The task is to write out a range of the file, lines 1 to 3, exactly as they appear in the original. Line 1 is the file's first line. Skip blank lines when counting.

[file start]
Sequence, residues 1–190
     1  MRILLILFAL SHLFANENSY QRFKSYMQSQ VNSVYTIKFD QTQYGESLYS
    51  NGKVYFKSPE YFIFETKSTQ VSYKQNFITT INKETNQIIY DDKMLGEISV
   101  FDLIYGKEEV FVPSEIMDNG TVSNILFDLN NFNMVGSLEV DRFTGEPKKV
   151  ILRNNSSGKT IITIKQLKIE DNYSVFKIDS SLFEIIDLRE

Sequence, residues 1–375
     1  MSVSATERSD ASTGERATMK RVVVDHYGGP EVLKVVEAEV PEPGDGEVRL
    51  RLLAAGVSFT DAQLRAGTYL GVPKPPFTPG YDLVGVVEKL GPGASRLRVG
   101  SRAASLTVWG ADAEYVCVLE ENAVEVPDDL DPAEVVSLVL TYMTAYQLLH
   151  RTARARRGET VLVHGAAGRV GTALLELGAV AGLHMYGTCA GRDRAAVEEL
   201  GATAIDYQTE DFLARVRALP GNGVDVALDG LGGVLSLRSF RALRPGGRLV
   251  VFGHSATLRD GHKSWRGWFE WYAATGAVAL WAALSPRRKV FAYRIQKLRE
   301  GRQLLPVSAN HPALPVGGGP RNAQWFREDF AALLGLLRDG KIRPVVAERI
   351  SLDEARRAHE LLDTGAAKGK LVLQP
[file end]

Sequence, residues 1–190
     1  MRILLILFAL SHLFANENSY QRFKSYMQSQ VNSVYTIKFD QTQYGESLYS
    51  NGKVYFKSPE YFIFETKSTQ VSYKQNFITT INKETNQIIY DDKMLGEISV